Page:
“Oh but chairman wossop?” the driver asked. Surprised, that h.is new passenger would change his mind without a word but Kaakyire’s thoughts were far away. The driver waved in his direction for a moment and when the boy refused to look his way, steuped and drove away, miffed at the snub.

 

CECI WAS STANDING on her porch looking uncharacteristically grim. She felt sad for the role she’d played in today’s fiasco. Lydia had wanted everything under wraps but all she’d thought was having the truth finally come out without thinking of the young lives this was going to affect. She’d sat watching her friend thrusting a spear into the little girl’s heart and could imagine how she’d feel if someone had done that to any of her daughters. One thing she couldn’t put her finger on was why Lydia was doing all these. A promise? What is a promise when your daughter’s heart is breaking?

“Ceci, please I need your help,” the object of her thoughts interjected.

Ceci turned towards the sound of her voice and became surprised. Lydia had alighted from a taxi wearing two different sandals, with a tears-ravaged face and unkempt hair.

“Why should I help you?”

“You have to help me,” Lydia said furiously, stabbing the air in front of her friend’s face. “I told you, no, I warned you severally to not meddle. To not make my daughter know about me but no-o-o, Mrs Cecilia Maame Mensima Kwansa, you had to feed her breadcrumbs which ultimately led to me.”

“Get that finger off my face before I double smack your stupid face. When your ex-husband came looking for you, didn’t I keep mum about your whereabouts? Didn’t I tell you that you’d have to consider telling your kids one day which you still said no? Your ex might deserve any treatment but not your kid. Not Bernadine but, you hit her head repeatedly against the wall as if she wasn’t human. What is wrong with you Lydia? What kind of woman will do this to her own kid? If Inkoom doesn’t leave you after this then I’ll be surprised because I watched him and I know he felt as disgusted as I did when I watched what you did to that poor kid.”

Lydia wilted. “He’s leaving me.” Her legs gave out from under and she quickly grabbed hold of the ledge to avoid falling. “He says he’ll only stay if I bring Bernadine home so that I explain to them both what is going on.”

“Good man. I’ve always known him to have sense in that head of his.”

“That’s why I need your help Ceci. I need to find Bernadine. Please take me to her house.”

“I can’t.”

“Ceci, I beg you,” Lydia quickly knelt before her and grabbed a corner of her cloth nearly disclothing her. Ceci was wearing a blouse on which she’d wrapped a cloth around her waist. Her friend’s actions if not stopped would reveal her nakedness. “Please take me to her house. I’ll do anything please.”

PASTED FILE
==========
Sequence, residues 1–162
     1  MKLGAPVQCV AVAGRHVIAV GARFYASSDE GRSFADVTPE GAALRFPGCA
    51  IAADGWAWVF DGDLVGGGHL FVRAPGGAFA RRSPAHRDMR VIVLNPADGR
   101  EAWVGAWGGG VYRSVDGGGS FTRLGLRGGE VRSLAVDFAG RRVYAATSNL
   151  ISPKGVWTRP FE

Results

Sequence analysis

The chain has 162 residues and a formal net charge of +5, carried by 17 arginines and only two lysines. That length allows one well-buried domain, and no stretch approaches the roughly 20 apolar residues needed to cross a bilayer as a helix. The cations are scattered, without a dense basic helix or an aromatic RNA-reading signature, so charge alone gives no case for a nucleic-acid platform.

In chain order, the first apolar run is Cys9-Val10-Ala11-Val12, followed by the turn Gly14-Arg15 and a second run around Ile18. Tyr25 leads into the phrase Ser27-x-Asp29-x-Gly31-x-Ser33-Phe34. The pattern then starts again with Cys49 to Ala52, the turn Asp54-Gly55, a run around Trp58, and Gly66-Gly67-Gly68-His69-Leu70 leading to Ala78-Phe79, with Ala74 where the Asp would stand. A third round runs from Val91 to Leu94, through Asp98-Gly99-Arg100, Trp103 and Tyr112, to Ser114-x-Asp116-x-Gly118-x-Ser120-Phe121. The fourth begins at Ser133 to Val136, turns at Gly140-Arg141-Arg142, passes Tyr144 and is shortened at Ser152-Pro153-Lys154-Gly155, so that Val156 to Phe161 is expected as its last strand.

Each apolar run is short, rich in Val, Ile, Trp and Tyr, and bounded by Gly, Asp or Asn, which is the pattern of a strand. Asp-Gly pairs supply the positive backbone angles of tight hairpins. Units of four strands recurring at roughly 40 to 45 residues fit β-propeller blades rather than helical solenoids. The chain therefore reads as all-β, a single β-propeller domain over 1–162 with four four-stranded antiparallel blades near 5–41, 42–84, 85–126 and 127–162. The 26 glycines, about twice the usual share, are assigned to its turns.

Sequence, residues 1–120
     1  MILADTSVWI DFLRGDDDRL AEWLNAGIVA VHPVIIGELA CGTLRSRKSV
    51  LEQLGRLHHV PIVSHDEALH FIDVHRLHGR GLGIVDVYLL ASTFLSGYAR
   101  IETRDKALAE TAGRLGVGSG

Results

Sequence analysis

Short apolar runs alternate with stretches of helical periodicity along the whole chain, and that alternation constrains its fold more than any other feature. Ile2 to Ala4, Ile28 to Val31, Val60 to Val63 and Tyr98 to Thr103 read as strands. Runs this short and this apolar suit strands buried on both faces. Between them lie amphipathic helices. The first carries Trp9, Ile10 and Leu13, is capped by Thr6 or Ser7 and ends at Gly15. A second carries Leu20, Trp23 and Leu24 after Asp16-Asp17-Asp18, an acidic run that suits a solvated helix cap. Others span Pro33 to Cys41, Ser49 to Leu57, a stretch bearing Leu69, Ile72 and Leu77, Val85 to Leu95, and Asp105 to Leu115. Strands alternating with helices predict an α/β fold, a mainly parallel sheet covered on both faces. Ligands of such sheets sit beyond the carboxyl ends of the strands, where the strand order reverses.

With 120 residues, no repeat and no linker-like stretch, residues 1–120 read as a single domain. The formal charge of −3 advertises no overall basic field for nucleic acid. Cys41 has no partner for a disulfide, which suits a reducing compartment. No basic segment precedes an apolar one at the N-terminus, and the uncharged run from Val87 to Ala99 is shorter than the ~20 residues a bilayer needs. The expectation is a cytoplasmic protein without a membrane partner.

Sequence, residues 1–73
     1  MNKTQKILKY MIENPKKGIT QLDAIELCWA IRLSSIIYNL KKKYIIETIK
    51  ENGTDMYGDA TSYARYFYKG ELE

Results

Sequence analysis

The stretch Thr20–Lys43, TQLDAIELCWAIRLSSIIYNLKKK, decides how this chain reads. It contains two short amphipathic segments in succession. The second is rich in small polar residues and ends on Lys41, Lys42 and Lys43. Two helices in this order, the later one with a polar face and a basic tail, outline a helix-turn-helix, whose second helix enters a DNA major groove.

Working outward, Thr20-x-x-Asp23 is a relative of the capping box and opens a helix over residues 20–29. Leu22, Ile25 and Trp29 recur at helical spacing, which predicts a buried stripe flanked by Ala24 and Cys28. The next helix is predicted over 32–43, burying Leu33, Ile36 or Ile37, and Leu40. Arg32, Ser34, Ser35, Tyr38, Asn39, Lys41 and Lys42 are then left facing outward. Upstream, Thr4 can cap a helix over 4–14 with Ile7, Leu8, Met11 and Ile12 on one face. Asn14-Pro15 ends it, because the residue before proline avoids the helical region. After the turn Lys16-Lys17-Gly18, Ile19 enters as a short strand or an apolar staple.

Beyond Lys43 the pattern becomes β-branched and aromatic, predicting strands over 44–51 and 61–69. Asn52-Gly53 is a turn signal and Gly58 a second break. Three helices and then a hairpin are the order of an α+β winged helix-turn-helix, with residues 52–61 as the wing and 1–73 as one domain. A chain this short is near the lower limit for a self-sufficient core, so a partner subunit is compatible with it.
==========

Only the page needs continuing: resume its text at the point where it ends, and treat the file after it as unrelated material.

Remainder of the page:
Ceci pulled her cloth from her grip and tied it tighter around her waist. “I can’t because I don’t know where she lives.”

“Eiiiii. I’m dead. Inkoom will leave me oooooooh. Ceci please you have to help me. Any information, I beg you. Please I will die today if I don’t find her. I have to find her. Please Ceci.”

The slap dazed her. She stopped and stared at her friend, lifted her hand to touch her cheek and felt the warmth. “You slapped me.”

“Get a grip. We won’t find her with the way you were wailing as if someone had come to carry the corpse you were burying away. She always came to the market with her friend, Dentaa. If we find that girl, we will find her. Let’s go to the market and ask around if anyone knows the girl.”

A subdued Lydia nodded.

 

‘HOME. WHERE’S HOME?’ Bernadine wondered as she looked over the clouds. Ghana was some minutes away. Ghana. Where she’d met Dentaa and Kaakyire. She had tried so hard not to fall into his arms when he came to her at the airport. Walking away had been as hard as leaving without answers. She’d known she would break if she saw him which is why she’d been glad the uber picking her up had had tinted windows which she’d immediately rolled upon climbing in. She’d watched him standing with his friends, laughing and smiling.

She’d etched his handsome face, his tall frame and grin into her memories. Memories that she’d pluck anytime she needed succor. Anything to hold onto so that she wouldn’t descend into an abyss of despair. To know that whiles everything about her was destroyed, he would be an anchor to grab hold of. That he came to the airport was a torture she didn’t want and had had to walk away knowing that with every step she took, her already broken heart was breaking apart all over again.

The look on his face as she walked away was a memory she hadn’t needed. It was a look of torture, despair, and pain. Everything she felt now was what she’d made an innocent soul go through. She had done to him what her mother had done to her and it hurt. She burst into tears and finally accepted that the world she had thought was straight As to Zs had turned upside down.